Not everyone needs to submit a Self Assessment tax return, but if you are required to, it’s crucial you understand what you need to do and when – starting from registering for Self Assessment.
Getting it right helps you pay the right amount of tax and submit information to HM Revenue & Customs (HMRC).
If you don’t, you run the risk of having to pay financial penalties as well as settling overdue tax and any related interest payments.
What is Self Assessment?
Self Assessment is HMRC’s way of collecting tax on income that isn’t taxed at source. For example, if you earn money from an employer who pays your wages then they’ll normally deduct the tax you owe before paying you (so you’re literally being taxed at the source of your funds).
If you earn money a different way, then you might need to report this income to HMRC by submitting Self Assessment tax returns so that the right amount of tax can be collected from you.
Who needs to register for Self Assessment?
You should register for Self Assessment if any of the following criteria apply to you:
- You’re self-employed (part-time or full-time)
- You’re a partner in a partnership
- You receive dividend payments (for instance, because you’re a director in a company you own)
- You earn significant income through savings and/or investments
- You earn income through property (i.e., rentals)
- You need to pay Capital Gains Tax
Falling into any of these categories means you’re generating income that isn’t taxed at source in the same way employment earnings are. As a result, you’ll need to report your income to HMRC through a Self Assessment tax return and pay personal Income Tax and National Insurance contributions on your earnings.
How much tax will I pay through Self Assessment?
The amount of tax you pay depends on how much earn during the tax year. If you work for an employer, you’ll be taxed throughout the year.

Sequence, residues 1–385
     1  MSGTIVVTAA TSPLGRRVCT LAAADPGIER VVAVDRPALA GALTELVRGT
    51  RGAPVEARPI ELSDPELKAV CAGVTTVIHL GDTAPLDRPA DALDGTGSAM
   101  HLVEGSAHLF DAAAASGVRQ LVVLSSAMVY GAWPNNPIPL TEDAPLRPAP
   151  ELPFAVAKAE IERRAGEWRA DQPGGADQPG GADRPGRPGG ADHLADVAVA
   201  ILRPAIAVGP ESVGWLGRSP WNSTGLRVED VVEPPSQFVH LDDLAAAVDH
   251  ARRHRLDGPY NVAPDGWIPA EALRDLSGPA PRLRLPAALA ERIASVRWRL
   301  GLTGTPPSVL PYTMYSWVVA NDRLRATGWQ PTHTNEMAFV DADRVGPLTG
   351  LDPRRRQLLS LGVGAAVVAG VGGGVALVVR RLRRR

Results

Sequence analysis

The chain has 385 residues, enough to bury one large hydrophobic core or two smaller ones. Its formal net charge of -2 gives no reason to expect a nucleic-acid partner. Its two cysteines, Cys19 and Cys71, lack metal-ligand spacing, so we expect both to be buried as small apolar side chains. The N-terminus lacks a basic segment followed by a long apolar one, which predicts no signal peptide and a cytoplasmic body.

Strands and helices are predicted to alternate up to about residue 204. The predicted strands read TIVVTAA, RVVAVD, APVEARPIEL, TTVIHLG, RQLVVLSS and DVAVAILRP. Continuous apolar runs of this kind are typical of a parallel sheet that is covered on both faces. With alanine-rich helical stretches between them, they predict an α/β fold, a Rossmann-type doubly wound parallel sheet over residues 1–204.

Any additional income you receive will be added to your total earnings to work out which tax rate you fall under (but you won’t pay tax on your employment income again – it’s just used for the tax rate calculation!).
The Income Tax rate bands for 2023/24 are:
- Basic rate, 20% – on income up to £50,270
- Higher rate, 40% – on income between £50,271 and £125,140
- Additional rate, 45% – on income over £125,140
The Personal Allowance means you don’t have to pay any Income Tax on the first £12,570 you earn in a tax year.
Should you show your PAYE income on your tax return?
Yes, if you have a salaried job but you also have additional income or taxable benefits from self-employment, you will need to detail your PAYE earnings on your Self Assessment tax return.
You’ll need to fill out a separate section for each employment, but you won’t pay tax on any money that’s already been taxed.
Do you need to submit Self Assessment for a side hustle?
It’s becoming more and more common for people to have side hustles – selling goods or services outside of the work they do for an employer. It’s an increasingly popular way to make extra money, and to get started in self-employment whilst keeping the safety net of a paid role.